Canadian Underwriter

Seeing the forest for the trees: A tool to prevent flood damage

May 10, 2023   by Alyssa DiSabatino

River flowing through forest valley

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NatCat losses driven by flood damage have escalated in Canada over the past decade, but the key to preventing these may be in your client’s backyard, one expert told Canadian Underwriter. 

Insurance companies can reduce their clients’ flood exposures and premiums by supporting and incentivizing forest conservation, Daimen Hardie, executive director of Community Forests International said.  

“The simplest way to explain it is just that forests act like sponges,” said Hardie.  

“With river flooding, there will often be a lot of snow melt in the spring or just really torrential rainfall,” he explained. “All that water flowing into the rivers is what causes those rivers to overflow and flood the adjacent communities.” 

Diverse forests help to slow snowmelt and act as a “shock absorber” by slowing the water runoff, he said. “[Forests] soak up a lot of the excess water and slowly re-release it into the rivers so that it doesn’t all flow into the rivers all at the same time, which is what you get if you clearcut a forest.”  

An example would be in Atlantic Canada, which has experienced more frequent and intense storms, leading to some recent major Cats and severe flooding and damages. Hurricane Fiona caused more than $800 million in insured damages, and even more in economic damages on the east coast this past fall, according to Insurance Bureau of Canada and Catastrophe Indices and Quantification Inc. figures. 

“Even though the leaves are off the trees in a deciduous forest, we’re really lucky here on the East Coast that we have these diverse, mixed forests that have both evergreen and broadleaf trees,” Hardie said. “With the snow melt in the spring, if you have a canopy — even if it’s not in full leaf — it slows down the melting of that snow when it warms up.”

Aerial view of pine forest

What’s more, a high percentage of forests on the east coast are privately-owned.  

“It’s really common here for people to have a rural house that’s connected to maybe 100 acres of forest— more than 80,000 citizens here in the Maritimes own some forests,” Hardie said.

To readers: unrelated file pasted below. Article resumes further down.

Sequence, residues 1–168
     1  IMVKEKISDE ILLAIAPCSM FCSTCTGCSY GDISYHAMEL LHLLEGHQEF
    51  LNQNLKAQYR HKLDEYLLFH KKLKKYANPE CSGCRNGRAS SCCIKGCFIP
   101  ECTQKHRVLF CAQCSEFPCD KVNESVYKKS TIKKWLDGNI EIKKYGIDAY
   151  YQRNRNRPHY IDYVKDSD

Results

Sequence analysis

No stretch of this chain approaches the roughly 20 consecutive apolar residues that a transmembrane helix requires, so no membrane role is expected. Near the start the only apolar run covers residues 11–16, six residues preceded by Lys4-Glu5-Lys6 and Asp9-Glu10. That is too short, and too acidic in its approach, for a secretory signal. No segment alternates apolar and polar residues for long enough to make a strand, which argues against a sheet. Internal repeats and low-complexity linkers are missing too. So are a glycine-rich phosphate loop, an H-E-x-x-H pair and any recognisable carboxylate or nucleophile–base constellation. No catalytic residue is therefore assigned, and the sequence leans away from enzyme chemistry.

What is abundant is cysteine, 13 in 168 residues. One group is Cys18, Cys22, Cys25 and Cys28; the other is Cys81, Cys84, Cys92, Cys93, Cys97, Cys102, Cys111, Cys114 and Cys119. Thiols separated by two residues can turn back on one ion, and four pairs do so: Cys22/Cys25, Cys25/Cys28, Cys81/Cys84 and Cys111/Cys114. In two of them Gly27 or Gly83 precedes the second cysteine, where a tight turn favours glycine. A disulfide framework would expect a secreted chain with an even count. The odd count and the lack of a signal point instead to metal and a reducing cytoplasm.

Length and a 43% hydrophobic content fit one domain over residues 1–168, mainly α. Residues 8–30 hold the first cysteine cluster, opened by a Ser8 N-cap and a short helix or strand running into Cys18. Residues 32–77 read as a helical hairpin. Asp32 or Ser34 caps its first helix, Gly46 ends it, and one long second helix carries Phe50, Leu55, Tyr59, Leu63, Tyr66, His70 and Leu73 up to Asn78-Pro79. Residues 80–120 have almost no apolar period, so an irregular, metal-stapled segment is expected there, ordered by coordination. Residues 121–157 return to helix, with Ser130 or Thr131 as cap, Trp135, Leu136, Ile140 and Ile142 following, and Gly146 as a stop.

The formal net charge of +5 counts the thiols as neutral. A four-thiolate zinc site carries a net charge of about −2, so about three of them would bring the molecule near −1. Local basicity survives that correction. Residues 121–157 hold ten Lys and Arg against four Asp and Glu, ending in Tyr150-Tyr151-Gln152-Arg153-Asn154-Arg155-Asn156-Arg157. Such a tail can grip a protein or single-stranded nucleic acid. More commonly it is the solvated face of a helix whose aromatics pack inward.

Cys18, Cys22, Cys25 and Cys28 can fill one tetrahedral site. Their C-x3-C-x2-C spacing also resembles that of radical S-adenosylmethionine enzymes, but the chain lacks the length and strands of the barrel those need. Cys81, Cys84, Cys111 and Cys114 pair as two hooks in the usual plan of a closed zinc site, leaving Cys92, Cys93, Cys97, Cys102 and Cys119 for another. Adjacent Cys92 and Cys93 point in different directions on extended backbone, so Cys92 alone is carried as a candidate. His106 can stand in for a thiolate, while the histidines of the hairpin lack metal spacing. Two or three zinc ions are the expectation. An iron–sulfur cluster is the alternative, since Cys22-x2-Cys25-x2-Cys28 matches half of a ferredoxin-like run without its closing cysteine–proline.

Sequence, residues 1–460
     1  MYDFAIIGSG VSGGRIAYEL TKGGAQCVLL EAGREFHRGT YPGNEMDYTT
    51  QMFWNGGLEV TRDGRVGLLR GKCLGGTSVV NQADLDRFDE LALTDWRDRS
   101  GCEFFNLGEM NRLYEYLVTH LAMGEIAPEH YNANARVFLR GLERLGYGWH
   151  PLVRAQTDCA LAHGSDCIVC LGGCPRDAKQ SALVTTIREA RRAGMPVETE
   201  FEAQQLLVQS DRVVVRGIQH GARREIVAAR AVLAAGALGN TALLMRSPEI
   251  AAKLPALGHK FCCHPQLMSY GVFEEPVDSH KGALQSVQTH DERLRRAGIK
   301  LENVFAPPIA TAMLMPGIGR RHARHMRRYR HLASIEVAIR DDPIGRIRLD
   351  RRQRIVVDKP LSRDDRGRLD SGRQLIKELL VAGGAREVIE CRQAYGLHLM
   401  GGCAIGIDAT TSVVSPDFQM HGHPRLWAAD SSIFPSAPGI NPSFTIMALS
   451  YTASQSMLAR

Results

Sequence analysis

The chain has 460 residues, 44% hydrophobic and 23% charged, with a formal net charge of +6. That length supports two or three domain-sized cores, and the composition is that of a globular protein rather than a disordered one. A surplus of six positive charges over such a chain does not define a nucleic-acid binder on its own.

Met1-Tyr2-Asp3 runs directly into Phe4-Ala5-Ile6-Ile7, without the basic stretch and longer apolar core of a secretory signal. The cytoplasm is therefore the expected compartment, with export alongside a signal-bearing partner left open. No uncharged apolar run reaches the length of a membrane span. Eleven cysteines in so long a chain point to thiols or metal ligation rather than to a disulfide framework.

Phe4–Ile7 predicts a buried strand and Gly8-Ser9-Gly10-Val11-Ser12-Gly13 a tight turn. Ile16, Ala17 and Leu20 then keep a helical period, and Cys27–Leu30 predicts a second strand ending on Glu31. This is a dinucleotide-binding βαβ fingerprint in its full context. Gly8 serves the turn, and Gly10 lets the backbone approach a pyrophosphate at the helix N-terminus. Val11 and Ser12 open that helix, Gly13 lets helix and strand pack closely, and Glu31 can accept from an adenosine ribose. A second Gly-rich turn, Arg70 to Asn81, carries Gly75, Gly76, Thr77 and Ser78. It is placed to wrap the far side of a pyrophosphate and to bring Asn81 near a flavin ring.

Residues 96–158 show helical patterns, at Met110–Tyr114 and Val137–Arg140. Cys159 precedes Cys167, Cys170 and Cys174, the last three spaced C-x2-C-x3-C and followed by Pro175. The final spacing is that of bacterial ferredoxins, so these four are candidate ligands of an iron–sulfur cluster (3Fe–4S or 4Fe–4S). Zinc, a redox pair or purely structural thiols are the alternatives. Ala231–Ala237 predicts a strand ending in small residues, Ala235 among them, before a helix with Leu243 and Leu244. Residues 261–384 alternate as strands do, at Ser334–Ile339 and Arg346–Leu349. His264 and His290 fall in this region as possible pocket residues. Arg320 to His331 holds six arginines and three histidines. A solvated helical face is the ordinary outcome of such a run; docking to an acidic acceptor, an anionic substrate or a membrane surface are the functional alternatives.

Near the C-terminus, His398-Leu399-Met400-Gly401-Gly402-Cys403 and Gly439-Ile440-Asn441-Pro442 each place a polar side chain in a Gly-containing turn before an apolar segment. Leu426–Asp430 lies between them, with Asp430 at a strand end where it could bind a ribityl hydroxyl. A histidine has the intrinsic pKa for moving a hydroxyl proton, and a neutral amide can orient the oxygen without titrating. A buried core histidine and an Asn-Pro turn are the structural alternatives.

For the industry, forests provide an opportunity to be proactive against Cat damage. 

“If you work with these nature-based solutions and you invest in a forest project, the adjacent communities are also going to be protected from those disasters. So, there’s also a resilience and adaptation benefit you’re getting from that one investment,” Hardie said. 

Insurers may see it as opportune — and cost-efficient — to offset their greenhouse gas emissions through forest ownership, especially now that the Office of the Superintendent of Financial Institutions is requiring insurers to disclose their GHG emissions. 

In New Brunswick, 143 hectares of forest would yield approximately $285,000 worth of timber inventory if it was cut down. On the other hand, it would cost more than $1.04 million to replace that forest’s water storage capacity through man-made infrastructure, according to a Community Forests International model. 

On a smaller scale, there are ways to engage consumers in better flood mitigation habits.  

Insurers often offer incentives in the form of reduced premiums for consumers who take measures to lower their risk profile. For example, auto insurers tend to offer lower premiums to consumers who can prove their good driving habits through telematics. 

This concept could be applied to flood insurance premium reductions as well. 

“There are some really specific things from a homeowner perspective that you can do to reduce the risk of impacts to your home, like having your gutters cleaned out or having good drainage around your basement,” Hardie said. “I think insurance companies have been good at watching those types of improvements that a homeowner can make and incentivizing them and supporting them.” 


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